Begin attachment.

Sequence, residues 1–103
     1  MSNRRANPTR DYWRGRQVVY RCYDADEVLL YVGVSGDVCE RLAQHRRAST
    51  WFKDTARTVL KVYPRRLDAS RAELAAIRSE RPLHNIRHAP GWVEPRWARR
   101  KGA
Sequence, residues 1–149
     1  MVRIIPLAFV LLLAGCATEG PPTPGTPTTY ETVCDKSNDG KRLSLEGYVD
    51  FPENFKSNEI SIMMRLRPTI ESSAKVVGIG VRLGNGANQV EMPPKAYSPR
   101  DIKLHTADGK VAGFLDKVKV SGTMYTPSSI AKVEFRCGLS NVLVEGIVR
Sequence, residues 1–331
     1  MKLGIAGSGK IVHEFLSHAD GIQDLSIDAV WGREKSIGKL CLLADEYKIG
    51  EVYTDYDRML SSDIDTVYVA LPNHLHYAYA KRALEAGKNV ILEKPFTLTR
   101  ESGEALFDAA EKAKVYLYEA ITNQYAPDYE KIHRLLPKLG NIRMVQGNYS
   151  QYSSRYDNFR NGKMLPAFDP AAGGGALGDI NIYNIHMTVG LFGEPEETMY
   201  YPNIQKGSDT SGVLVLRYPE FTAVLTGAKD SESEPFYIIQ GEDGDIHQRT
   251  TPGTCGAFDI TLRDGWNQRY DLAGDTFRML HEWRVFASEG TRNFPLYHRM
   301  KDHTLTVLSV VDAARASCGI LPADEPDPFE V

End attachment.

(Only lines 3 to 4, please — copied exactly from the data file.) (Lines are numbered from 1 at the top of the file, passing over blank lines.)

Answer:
    51  WFKDTARTVL KVYPRRLDAS RAELAAIRSE RPLHNIRHAP GWVEPRWARR
   101  KGA